Business transforming unappealing produce into fermented foods
Vanessa Walsten chops cabbage at Farmented at Gateway Community Center in Kalispell on Friday, April 9. (Casey Kreider/Daily Inter Lake)
Vanessa Walsten at Farmented in the Gateway Community Center in Kalispell on Friday, April 9. (Casey Kreider/Daily Inter Lake)
Vanessa Walsten chops carrots for her Spicy Carrots blend of Farmented on Friday, April 9. (Casey Kreider/Daily Inter Lake)
From left, Champan de Salsa, Spicy Carrots, Dill Sauerkraut and Radish Kimchi flavors of Farmented on Friday, April 9. (Casey Kreider/Daily Inter Lake)
Daily Inter Lake | April 18, 2021 12:00 AM
At Farmented Foods, the goal is progress, not perfection.
In their new Kalispell kitchen, owners Vanessa Walsten and Vanessa Williamson take imperfect produce that might otherwise be wasted and ferment it into tasty concoctions such as sauerkraut and kimchi.
“Every year, so much produce is wasted because we don’t deem it perfect enough,” said Williamson.
And in that waste, Walsten and Williamson saw opportunity. They started fermenting excess produce from growers around the Bozeman area in 2017, shortly after graduating from Montana State University.
Fermentation generally refers to the process of allowing microorganisms such as yeast and bacteria to break down foods. It’s commonly used to create popular items like beer, yogurt and bread.
Now, Farmented Foods is moving its operations up to the Gateway Community Center in Kalispell.
In March, the company received a grant from the Montana Agriculture Development Council to renovate a former café into a fermentation kitchen inside the mall-turned-nonprofit hub.
The new space also brings the business closer to home for Walsten, who lives in Kalispell but has spent time traveling to and from Bozeman to help get the business started.
DEMAND FOR their unique product is only growing, and the Kalispell kitchen will allow Farmented Foods to increase production and branch out into creating new products.
“It’ll help immensely,” said Walsten, adding that she and Williamson have tag-teamed all the production since they first launched Farmented Foods about three years ago.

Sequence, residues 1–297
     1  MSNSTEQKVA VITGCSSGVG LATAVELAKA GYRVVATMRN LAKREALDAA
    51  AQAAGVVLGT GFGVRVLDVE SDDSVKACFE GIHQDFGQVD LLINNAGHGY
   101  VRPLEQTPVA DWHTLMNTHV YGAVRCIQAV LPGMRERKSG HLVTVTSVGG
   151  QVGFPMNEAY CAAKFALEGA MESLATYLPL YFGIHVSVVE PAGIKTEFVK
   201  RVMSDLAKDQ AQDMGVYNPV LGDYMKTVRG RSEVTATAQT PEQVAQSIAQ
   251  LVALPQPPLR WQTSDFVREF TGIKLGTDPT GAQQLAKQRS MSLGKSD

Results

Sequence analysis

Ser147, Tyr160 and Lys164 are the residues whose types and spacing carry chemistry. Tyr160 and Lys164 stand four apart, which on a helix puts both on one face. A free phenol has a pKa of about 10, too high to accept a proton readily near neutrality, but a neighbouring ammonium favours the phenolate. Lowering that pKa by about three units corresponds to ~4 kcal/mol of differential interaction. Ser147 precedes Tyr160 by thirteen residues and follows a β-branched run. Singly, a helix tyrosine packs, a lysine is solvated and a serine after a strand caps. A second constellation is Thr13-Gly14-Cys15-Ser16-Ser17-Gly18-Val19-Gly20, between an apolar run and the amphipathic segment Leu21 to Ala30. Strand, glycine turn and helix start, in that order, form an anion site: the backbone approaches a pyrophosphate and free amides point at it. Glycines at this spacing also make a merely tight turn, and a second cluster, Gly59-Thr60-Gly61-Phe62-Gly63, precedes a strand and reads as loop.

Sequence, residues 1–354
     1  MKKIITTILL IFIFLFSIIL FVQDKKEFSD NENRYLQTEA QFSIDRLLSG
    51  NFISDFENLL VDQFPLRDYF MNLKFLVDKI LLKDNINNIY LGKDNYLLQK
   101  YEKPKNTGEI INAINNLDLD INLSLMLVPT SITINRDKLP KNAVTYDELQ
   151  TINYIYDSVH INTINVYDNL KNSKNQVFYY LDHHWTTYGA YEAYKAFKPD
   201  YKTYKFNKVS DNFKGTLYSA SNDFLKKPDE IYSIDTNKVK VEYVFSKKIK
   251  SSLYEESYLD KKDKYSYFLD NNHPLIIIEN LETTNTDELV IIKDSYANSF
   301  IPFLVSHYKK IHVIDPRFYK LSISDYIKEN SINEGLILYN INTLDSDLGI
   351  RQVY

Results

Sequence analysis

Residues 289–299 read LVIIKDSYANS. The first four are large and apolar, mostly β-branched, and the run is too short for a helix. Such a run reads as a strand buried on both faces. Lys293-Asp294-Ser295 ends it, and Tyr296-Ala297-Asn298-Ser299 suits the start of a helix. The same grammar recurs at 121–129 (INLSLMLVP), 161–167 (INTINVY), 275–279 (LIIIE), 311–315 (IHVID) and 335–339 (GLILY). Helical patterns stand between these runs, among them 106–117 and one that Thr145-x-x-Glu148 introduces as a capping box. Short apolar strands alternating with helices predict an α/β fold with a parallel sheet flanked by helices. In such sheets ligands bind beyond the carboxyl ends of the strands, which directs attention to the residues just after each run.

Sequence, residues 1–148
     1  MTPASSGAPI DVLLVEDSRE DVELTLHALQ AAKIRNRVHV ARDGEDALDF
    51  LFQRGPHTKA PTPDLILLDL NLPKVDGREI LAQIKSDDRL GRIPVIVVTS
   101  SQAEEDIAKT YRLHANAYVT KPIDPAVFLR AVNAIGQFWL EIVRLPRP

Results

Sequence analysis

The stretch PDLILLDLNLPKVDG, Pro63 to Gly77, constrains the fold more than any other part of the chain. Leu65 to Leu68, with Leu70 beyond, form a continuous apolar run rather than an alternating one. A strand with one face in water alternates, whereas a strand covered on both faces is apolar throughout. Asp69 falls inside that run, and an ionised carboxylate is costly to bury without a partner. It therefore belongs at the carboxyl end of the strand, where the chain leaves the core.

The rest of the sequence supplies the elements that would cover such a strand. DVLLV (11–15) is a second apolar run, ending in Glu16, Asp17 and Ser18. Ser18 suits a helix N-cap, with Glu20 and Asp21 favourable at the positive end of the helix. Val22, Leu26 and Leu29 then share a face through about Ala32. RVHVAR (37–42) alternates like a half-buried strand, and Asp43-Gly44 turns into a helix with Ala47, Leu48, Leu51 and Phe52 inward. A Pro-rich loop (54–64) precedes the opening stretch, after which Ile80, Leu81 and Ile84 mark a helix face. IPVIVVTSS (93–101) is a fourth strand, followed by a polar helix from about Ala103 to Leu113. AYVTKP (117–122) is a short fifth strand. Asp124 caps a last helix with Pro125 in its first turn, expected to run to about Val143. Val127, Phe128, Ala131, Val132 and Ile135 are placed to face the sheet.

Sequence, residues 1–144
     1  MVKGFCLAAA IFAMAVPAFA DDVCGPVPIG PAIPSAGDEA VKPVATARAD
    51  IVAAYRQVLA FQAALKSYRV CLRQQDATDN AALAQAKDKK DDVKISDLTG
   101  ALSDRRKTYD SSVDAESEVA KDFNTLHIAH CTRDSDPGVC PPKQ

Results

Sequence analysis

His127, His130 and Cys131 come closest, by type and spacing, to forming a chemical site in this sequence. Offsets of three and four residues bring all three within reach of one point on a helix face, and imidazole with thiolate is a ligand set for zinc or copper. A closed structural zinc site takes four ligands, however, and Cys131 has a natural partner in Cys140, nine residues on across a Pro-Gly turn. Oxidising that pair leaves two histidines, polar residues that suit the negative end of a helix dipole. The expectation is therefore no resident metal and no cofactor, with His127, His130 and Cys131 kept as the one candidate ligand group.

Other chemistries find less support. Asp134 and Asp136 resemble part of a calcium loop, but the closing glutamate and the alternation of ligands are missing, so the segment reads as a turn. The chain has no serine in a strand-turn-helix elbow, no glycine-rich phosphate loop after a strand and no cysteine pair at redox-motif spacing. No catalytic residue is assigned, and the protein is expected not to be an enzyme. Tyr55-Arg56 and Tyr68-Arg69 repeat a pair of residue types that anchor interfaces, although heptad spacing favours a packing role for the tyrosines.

They’re looking forward to getting into a new market, hiring some help and taking advantage of technology that fits in the new space, like a food processor that can shred 300 pounds of cabbage at once.
Strangers to fermentation might not relish the sound of all those veggies, but the end product has proven popular thanks to its health benefits and small environmental footprint.
That sustainability factor is actually what first drew the Vanessas to the idea. Williamson said the company “was founded initially to help farmers eliminate unnecessary food loss on their farms in the form of ugly and excess crops.”
Fermented foods aren’t necessarily heralded for their appearance, so fermentation can be a way to put crops that lack aesthetic appeal to good use.
“When you dice it all up…no one cares,” Williamson pointed out.
THE RESULTING reduction in food loss is a boon both for local farmers and the environment. And the benefits of fermentation extend to the consumer, too.
“It’s good for the environment. It’s also good for your health,” Walsten said.
Eating more vegetables is a well-documented strategy for improving most diets, and the fermentation process can add nutrients to the products that might not be available otherwise.
“We’re not claiming fermentation is a cure-all by any means,” Walsten emphasized. But she said, “Integrating fermented foods, especially vegetables, in daily life can lead to overall better health.”
Perhaps most importantly, their food tastes good.
“We gave a lot of thought to the flavor profile and use when we first developed the recipes,” said Williamson.
They wanted to make their products “more approachable” than existing fermented options, “so people can really integrate it into their daily lives,” she said.
Their kimchi, for instance, uses tiny cubes of daikon radishes rather than “big awkward chunks” of Napa cabbage. Likewise, their sauerkraut is made from cabbage that’s shredded to the consistency of relish, which makes it easier to spoon than the traditional stringy variety.
“Our recipe is a little different,” Walsten noted. “…I think people are very responsive to how ours taste.”
Farmented Foods’ products are already on shelves at health food stores like Withey’s Health Foods, Mountain Valley Foods, Max’s Market and Glacier Juice Wellness, but the Vanessas are excited for an even broader swath of the Flathead Valley to soon get a taste of their products.
To find out more about Farmented Foods, visit https://www.farmented.com/our-roots.
Reporter Bret Anne Serbin may be reached at 758-4459 or email@example.com